Thu, Apr 25, 2013 : 1:43 p.m.

I'm in favor of the arrays and solar energy. The problem has been the lack of good integrated design. I really think it can be done! And between the art, engineering, and urban planning minds in the area, it should be done! Take these complaints as a compliment - a testament - of what we think can happen here.

NE Steward

Thu, Apr 25, 2013 : 5:05 p.m.

Thank you - well said. The U of M has the School of Natural Resources and the Graham Environmental Sustainability Institute - they should get involved..a good lesson to be learned


Thu, Apr 25, 2013 : 12:55 p.m.

I wonder if the University and the City have collaborated on street plantings for Plymouth Rd.? Maybe there are hardy evergreens that would soften the lines of the panels.


Thu, Apr 25, 2013 : 4:51 p.m.

If they planted some nice shade trees next to the solar panels, it would be really nifty.


Thu, Apr 25, 2013 : 12:50 p.m.

This article is about a new array to be located within the north campus, tucked away form the road and nowhere near a residential neighborhood. But I see a lot of angst surfacing over the plymouth rd array... just get over it, people.


Thu, Apr 25, 2013 : 12:48 p.m.

What is that monstrosity on Plymouth Road?

David Paris

Thu, Apr 25, 2013 : 6 p.m.

A water tower?

Kai Petainen

Thu, Apr 25, 2013 : 11:49 a.m.

I'll complain when I complain, but I also believe in voicing support and thanks as well. My thoughts don't represent the University but my own, as a resident living near it. I was at this meeting and it's a great project. Build it! The University did the right thing by notifying the residents and so I went -- thanks to UofM for listening to residents. They explained it to the residents and listened to their concerns. I like the location, I like the setup, I like the neat stand-alone solar panels, I like that it's not a wasteful wind project. Solar power in Ann Arbor makes sense to me, and so I love the idea. Build it! Go blue! And thanks for holding the session.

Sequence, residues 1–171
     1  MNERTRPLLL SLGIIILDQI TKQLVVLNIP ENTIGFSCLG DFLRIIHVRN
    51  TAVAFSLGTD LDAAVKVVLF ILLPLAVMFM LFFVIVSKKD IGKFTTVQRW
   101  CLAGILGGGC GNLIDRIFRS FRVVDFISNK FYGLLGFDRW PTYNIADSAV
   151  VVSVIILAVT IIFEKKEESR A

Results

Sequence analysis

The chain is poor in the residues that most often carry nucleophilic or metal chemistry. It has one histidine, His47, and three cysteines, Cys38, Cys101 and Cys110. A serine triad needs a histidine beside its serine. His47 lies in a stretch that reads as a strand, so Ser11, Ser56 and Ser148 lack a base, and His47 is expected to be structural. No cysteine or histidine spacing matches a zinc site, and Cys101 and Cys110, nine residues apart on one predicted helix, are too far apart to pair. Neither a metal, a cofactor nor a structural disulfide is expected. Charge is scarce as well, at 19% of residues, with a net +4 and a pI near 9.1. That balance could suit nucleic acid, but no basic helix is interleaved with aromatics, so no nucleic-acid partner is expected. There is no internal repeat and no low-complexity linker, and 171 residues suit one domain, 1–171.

Kellie Woodhouse

Thu, Apr 25, 2013 : 2:51 p.m.

Yes, Kai, you were very supportive of this project last night. I thought your idea for some type of public art near the Fuller Road installation was interesting, especially if it originated from art and design students as you suggested. I know someone else mentioned a sun dial, which would be fitting.

NE Steward

Thu, Apr 25, 2013 : 12:32 p.m.

Thank you Sally Petersen and Jane Lumm for making it happen!

NE Steward

Thu, Apr 25, 2013 : 11:41 a.m.

I am an advocate of solar power (and panels) but would not call metal bleachers next to our neighborhood indigenous! The opportunity to integrate the installation on Plymouth road with the landscape was mismanaged and does not do justice to the promotion of this alternative source of energy . With Sue Gott we "limit the Green Space" and "pave baby pave".... Wait until she re-developes Northwoods - it will make the srip malls look nice!


Thu, Apr 25, 2013 : 11:39 a.m.

What residential neighborhoods are near the Plymouth Road site? Are we talking about the neighborhoods behind the Plymouth Mall, the McDonalds, Rite Aide and PNC Bank? Solar Panels...Bad! Nasty run down strip malls...Good.


Thu, Apr 25, 2013 : 6:05 p.m.

There was once one drug store and one pharmacy in New York City. There was once one drug store and one pharmacy in Chicago, Detroit, Ann Arbor. I for one can't stand to live in a society where we are forced to live where we don't want to live. How dare they force me to live near strip malls and solar panels!


Thu, Apr 25, 2013 : 2:50 p.m.

Kellie, That was not just "some residents", it was the homeowners association.

Kellie Woodhouse

Thu, Apr 25, 2013 : 2:44 p.m.

For specificity, I recall some residents of Orchard Hills-Maplewood neighborhood being upset over the Plymouth installation.


Thu, Apr 25, 2013 : 1:37 p.m.

@teeters, those homes were all there before the places you mention! I grew up in the closest neighborhood to the array, playing in the fields and the woods in the area. There was one grocery and drug store only.

NE Steward

Thu, Apr 25, 2013 : 12:02 p.m.

Perhaps you need to explore NE-Ann Arbor and learn a little bit about our neighborhoods and how much we contribute to A2....We try to be good stewards of this corridor/gateway but our community has not received much support from downtown folks and the planning commision. Pfizer and other coproate research and development facilites which used to be located up in this area were outstanding stewards and also contributed a lot of money to the city. We miss them! We do not like the strip malls and have fought each one of them but lost. We love the U of M and we were happy to see them come north and east, but now a little intimidated and skeptical of their tactics and plans....As the U of M comes so will the strip malls!!


Thu, Apr 25, 2013 : 11:19 a.m.

@Karen Would you rather have a smoke blowing coal fire generating plant or maybe another nuclear reactor power plant? I would rather have a bunch of non polluting solar panels to look at myself.


Fri, Apr 26, 2013 : 2:14 a.m.